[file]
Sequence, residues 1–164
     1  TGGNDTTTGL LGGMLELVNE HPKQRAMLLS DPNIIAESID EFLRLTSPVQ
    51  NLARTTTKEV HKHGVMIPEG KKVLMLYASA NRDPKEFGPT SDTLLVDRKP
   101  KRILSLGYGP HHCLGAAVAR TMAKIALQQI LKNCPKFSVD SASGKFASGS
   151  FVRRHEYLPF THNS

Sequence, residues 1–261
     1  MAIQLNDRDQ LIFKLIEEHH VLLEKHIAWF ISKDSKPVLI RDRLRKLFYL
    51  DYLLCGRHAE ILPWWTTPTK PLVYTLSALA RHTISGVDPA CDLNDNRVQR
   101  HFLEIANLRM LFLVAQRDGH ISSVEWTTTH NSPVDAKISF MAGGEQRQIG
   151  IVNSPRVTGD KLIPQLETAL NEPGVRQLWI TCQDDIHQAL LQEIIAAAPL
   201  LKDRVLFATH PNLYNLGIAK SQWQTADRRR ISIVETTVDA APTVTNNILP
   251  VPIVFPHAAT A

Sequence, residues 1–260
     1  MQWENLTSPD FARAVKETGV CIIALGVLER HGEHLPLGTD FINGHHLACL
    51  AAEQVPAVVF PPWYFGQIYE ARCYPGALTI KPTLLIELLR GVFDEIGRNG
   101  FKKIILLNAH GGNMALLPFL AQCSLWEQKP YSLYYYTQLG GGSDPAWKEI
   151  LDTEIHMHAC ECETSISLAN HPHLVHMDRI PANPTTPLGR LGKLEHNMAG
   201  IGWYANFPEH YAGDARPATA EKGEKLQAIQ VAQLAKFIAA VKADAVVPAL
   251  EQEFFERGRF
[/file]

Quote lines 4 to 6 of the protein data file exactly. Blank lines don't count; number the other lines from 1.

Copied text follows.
   101  KRILSLGYGP HHCLGAAVAR TMAKIALQQI LKNCPKFSVD SASGKFASGS
   151  FVRRHEYLPF THNS

Sequence, residues 1–261